In recent years, it has been discovered just how important the mother’s bacteria is for the baby throughout pregnancy and birth. The way the child enters the world sets the stage for his own gut flora. The process of “seeding” a baby at birth is when the bacteria is passed from mother to baby.
Keeping healthy levels of bacteria throughout pregnancy, seeding your baby’s microbiome, and optimizing your vitamin D level (make sure you have this checked while pregnant) will provide a strong foundation for creating a strong and healthy gut in your baby. However, the hazards of chemical exposures during pregnancy to endocrine disruptors like BPA and phthalates, and pesticides from the environment and foods can have wide-ranging and long-term health effects.
While you may not be able to avoid all toxic exposures, it’s important to take whatever proactive measures you can to reduce your toxic burden, especially before and during pregnancy. For example, avoiding any and all unnecessary drugs and vaccinations is one aspect you have a large degree of control over. Below are several more.
It is not the time for a full on detox, but you should remove as many toxins from your diet and environment as you can. Use non-toxic cleaners and eat a whole foods diet rich in prebiotics and probiotics, with as much organic as possible. This helps the body to detoxify at a rate that supports your ability to get pregnant while creating a healthy environment for your little one.
- As much as you’re able, buy and eat organic produce and free-range, organic foods to reduce your exposure to agricultural chemicals like glyphosate. Steer clear of processed, prepackaged foods of all kinds. This way you automatically avoid pesticides, artificial food additives, dangerous artificial sweeteners, food coloring, MSG, and unlabeled genetically engineered ingredients.
- Maintain optimal gut flora by eating raw food grown in healthy, organic soil and ‘reseeding’ your gut with fermented foods. (This is absolutely essential when you’re taking an antibiotic). If you aren’t eating fermented foods, you most likely need to supplement with a probiotic on a regular basis, especially if you’re eating processed foods.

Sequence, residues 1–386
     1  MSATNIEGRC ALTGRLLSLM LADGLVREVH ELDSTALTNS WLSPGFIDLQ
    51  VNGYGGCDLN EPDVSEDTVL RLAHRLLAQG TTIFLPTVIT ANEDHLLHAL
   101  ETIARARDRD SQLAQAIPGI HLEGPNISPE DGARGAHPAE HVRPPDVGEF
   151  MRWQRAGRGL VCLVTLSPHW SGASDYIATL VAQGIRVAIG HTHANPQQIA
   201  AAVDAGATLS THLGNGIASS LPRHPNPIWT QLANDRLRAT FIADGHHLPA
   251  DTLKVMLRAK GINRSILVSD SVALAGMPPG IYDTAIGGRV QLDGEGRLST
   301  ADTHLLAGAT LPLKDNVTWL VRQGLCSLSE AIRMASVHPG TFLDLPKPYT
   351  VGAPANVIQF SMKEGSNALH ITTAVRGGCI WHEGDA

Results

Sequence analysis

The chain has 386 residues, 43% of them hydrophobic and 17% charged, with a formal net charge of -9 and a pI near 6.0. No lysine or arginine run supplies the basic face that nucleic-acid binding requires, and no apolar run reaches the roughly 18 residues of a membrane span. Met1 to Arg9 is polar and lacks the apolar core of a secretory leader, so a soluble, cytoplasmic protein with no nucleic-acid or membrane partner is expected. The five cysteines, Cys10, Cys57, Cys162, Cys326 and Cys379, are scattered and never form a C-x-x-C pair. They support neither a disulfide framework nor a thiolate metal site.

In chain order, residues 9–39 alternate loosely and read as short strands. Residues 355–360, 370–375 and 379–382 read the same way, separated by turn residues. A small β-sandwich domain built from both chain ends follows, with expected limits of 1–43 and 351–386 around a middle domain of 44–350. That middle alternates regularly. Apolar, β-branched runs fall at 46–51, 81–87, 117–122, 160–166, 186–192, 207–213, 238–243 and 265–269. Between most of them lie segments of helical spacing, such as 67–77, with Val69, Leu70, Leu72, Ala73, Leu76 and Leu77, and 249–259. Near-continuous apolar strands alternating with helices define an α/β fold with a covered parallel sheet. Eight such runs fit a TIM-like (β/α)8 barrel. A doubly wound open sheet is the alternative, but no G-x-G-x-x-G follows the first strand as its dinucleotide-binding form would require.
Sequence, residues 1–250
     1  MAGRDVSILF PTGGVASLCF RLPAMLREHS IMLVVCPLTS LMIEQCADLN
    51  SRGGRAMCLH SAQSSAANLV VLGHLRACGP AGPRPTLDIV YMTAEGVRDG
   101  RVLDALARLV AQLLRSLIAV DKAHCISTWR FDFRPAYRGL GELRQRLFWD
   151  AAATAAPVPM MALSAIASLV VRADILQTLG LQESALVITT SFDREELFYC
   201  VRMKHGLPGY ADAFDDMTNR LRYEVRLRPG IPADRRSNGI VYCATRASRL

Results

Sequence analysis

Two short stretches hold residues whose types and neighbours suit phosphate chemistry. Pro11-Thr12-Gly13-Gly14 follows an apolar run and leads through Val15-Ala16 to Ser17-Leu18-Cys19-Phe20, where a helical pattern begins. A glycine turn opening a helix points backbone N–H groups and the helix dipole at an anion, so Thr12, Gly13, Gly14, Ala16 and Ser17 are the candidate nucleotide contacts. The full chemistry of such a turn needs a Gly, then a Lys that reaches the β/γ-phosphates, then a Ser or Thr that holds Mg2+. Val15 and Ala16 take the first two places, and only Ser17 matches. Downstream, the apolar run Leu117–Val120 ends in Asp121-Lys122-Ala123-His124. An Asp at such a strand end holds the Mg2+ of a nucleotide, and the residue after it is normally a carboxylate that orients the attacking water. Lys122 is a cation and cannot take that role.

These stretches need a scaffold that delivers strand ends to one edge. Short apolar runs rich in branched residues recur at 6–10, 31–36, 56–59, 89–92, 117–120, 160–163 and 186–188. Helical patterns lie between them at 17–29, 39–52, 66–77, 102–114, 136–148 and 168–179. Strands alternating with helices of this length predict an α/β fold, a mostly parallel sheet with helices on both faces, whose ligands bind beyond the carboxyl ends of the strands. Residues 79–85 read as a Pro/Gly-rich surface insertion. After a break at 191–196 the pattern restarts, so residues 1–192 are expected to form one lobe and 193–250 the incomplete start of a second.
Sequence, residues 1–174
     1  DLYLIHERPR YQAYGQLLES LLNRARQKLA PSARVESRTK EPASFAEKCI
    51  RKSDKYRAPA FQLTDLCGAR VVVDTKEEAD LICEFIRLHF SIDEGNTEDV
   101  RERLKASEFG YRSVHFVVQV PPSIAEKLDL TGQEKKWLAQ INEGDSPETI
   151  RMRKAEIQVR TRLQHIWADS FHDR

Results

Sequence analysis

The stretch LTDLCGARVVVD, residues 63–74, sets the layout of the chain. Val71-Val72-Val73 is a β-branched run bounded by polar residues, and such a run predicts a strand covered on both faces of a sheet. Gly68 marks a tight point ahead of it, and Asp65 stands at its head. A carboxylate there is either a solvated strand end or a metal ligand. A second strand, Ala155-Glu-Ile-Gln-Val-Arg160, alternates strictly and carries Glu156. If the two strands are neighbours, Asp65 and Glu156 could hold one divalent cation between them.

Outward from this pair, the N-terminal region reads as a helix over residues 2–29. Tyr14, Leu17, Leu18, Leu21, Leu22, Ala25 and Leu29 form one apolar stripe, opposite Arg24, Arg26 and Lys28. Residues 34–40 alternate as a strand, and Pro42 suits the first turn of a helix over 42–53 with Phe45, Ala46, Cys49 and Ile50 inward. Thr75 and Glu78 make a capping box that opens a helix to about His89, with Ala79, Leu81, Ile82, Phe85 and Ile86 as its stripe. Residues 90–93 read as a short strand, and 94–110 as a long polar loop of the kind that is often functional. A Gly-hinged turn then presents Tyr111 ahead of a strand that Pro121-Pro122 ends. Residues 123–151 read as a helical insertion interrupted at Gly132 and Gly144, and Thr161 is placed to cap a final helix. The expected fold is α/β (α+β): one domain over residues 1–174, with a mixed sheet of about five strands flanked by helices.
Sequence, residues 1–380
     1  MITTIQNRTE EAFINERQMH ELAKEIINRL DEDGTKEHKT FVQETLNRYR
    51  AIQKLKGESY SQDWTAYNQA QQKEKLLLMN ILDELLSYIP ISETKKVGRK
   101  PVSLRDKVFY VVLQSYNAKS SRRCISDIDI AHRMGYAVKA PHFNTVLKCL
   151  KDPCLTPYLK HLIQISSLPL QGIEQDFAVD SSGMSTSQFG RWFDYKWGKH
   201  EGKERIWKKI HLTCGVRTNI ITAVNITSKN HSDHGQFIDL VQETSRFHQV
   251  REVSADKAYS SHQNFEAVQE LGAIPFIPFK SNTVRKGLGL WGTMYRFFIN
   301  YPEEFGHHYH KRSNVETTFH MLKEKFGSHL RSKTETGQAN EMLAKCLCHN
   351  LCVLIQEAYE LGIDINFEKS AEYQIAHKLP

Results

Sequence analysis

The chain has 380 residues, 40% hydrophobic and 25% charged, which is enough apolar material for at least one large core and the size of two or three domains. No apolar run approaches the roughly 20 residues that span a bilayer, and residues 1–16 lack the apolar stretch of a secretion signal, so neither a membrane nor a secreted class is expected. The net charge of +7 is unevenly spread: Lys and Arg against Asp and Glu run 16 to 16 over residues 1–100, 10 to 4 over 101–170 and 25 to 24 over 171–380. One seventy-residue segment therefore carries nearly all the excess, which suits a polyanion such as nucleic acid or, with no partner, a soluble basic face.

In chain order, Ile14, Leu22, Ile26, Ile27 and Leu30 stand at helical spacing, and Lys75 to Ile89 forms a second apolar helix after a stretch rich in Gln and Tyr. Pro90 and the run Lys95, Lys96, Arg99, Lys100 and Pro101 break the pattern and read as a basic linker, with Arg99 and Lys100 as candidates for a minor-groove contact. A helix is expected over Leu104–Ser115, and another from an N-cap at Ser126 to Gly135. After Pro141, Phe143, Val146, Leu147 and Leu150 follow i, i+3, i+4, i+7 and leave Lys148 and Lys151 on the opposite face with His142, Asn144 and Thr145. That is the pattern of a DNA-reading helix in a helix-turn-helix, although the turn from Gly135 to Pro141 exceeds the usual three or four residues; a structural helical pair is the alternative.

- Optimize your vitamin D level.
- Exercise regularly throughout your pregnancy. Previous studies have shown that, in general, women who exercise throughout their pregnancies have larger placentas than their more sedentary peers. The volume of your placenta is a general marker of its ability to transport oxygen and nutrients to your fetus, so it stands to reason that having a large, healthy placenta will lead to a healthier baby.
- Once your baby is born, try to breast feed for as long as you’re able—ideally at least six months. Breastfeeding helps ensure that your child’s gut flora develops properly right from the start, as breast milk is loaded both with beneficial bacteria and nutrient growth factors that will support their continued growth.
- Rather than eating conventional or farm-raised fish, which are often heavily contaminated with PCBs and mercury, supplement with a high-quality purified krill oil, or eat fish that is wild-caught and lab tested for purity.
- Store your food and beverages in glass rather than plastic, and avoid using plastic wrap and canned foods (which are often lined with BPA-containing liners).
- Have your tap water tested and, if contaminants are found, install an appropriate water filter on all your faucets (even those in your shower or bath).
- Only use natural cleaning products in your home.
- Switch over to natural brands of toiletries such as shampoo, toothpaste, antiperspirants and cosmetics.
- Avoid using artificial air fresheners, dryer sheets, fabric softeners or other synthetic fragrances, as they often contain phthalates, which have been linked to reductions in IQ and other chronic health problems.
- Replace your non-stick pots and pans with ceramic or glass cookware.
- When redoing your home, look for “green,” toxin-free alternatives in lieu of regular paint and vinyl floor coverings.
- Replace your vinyl shower curtain with one made of fabric, or install a glass shower door. Most all flexible plastics, like shower curtains, contain dangerous plasticizers like phthalates.
- Avoid spraying pesticides around your home or insect repellants that contain DEET on your body. There are safe, effective and natural alternatives out there.
- Minimize stress. Stress messes with your gut microbiota.
- Avoid antimicrobial skin products (eg. handsoaps), and house cleaning products
- Avoid unnecessary medications
- Stop smoking